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John Hagee announced recently to his San Antonio congregation and worldwide audience that there will be a world-shaking event sometime between this April and October 2015.

Yes, that’s correct. He is predicting that sometime within the next year and a half a significant event will happen somewhere in the world. And he knows this from looking at the skies, which are “God’s billboard.”

Four “blood moons” corresponding with feast days of the Jewish calendar mean that something significant is going to happen on earth.

This prediction was featured on the home page of the San Antonio Express-News website.

Hagee’s 20,000-member church is a few miles from Woodland Baptist Church in San Antonio, where I serve as pastor. His apocalyptic fervor is, for better or worse, a part of the cultural fabric of our city.

When people think of Christianity here in our city, they most likely think first of Cornerstone’s flashing digital sign on the outer loop of town displaying Hagee’s image.

The difficulty is that Hagee seems much more interested in the spectacle of what the Bible might tell us about geopolitical struggles than the transformative power of sacrificial love that saturates the red letters of the New Testament.

Indeed, his sources for this bold new prediction seem to be more astrological than biblical.

Jesus’ apocalyptic word to his disciples in Mark 13:32, “About the day or hour no one knows, neither angels in heaven, nor the Son, but only the Father,” need not be tempered with modern astrology.

After all, did Jesus even know then that he was a Capricorn?

Regardless, Jesus seems pretty certain of two things concerning the end times in Scripture:

1. No one knows the hour.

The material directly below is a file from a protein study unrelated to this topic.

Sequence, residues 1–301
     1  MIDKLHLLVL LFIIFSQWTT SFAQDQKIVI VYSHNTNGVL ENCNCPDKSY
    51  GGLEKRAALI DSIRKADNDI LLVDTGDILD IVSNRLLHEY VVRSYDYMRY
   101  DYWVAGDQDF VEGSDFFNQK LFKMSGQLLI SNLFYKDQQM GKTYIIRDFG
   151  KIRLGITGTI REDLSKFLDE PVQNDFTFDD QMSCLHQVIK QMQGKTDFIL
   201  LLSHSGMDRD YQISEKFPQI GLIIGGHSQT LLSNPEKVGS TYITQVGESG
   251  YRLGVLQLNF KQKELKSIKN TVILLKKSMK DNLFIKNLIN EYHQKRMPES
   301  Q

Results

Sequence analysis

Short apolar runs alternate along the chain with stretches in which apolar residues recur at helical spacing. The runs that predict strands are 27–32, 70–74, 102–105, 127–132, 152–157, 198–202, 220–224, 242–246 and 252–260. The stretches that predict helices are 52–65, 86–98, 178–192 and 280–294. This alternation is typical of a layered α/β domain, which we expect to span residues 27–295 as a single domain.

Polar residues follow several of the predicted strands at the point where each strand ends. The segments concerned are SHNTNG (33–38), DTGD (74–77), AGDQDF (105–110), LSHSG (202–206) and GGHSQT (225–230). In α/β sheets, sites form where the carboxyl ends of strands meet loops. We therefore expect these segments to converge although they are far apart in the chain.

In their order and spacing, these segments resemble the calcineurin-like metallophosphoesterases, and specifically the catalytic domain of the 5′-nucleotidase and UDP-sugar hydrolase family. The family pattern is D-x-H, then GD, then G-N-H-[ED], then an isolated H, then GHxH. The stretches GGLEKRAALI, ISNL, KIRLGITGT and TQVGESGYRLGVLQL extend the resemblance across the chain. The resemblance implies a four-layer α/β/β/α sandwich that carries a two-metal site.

2. When the hour comes, it will be obvious.

We can lose ourselves in speculation when we put down the Bible and look within to the fears that chain us to selfishness and pride. This is a temptation for every church and every Christian.

However, when we do this, we conjure a Christianity content to focus on what Walter Rauschenbusch referred to in his book, “Christianity and the Social Crisis,” as “weaving the tinsel fringes for the garment of religion.”

This weaving may lead to some semblance of inner peace, but not to the lasting transformative work in which God’s spirit invites us to participate.

Too much of Christian witness today is more spectacle than substance. There is substance out there, yet it is overshadowed by the spectacle of end times prophecies or publicity stunts.

Consider the past few years, where we have seen a pastor in Dallas spend 24 hours in a bed on top of his church sitting there with his wife. Why? To make the point that Christians need to talk more about sex.

In early March, a church in Kentucky made headlines by giving away firearms to guests visiting their church. Why? To get people in the doors.

Such events recall Oral Roberts threatening in January 1987 that he needed to collect $8 million by March to fund a hospital he was building – or else. He said, “We’re at the point where God could call Oral Roberts home in March.”

He got the money and opened the hospital. It closed two years later.

Too much of our religious fervor has been reserved for spectacle and prophecy that has little to do with the life-saving mission of Jesus Christ.

Our spiritual zeal is tapped out by prophecies and stunts intended for shock and awe.

These ploys feed our fears instead of inspiring us with love and compassion for God’s world.

Instead of sending us out two by two to proclaim the gospel and heal the sick (see Mark 6:7-13), we scramble for bottled water and head for our bunkers to wait out the worst.

It’s not just Hagee and Oral Roberts who give in to this temptation to spectacle; it’s me.

I read the Sermon on the Mount, and skip over the end of Daniel. My church passes out delicious cookies to guests while I tell our church members that if they gave a little more to the budget we could really dream big.

We seem to fail at every turn – always choosing the circus over the sanctuary. We will give anything – guns, iPads, cookies, even money – when what Christ really demands is that we risk ourselves.

This temptation lurks around every corner of life and ministry.

A blood moon is rising. Things are changing.

Like the moon reflecting the light of the sun, let the moon be a reminder to you of God’s peace reflected in you.

And when the world shakes, remember the last words of Jesus to his disciples at their final meal together, “Take courage; I have conquered the world” (John 16:33).

Garrett Vickrey is senior pastor of Woodland Baptist Church in San Antonio, Texas. A version of this article first appeared on the Woodland blog and is used with permission. You can follow him on Twitter: @gvickrey.

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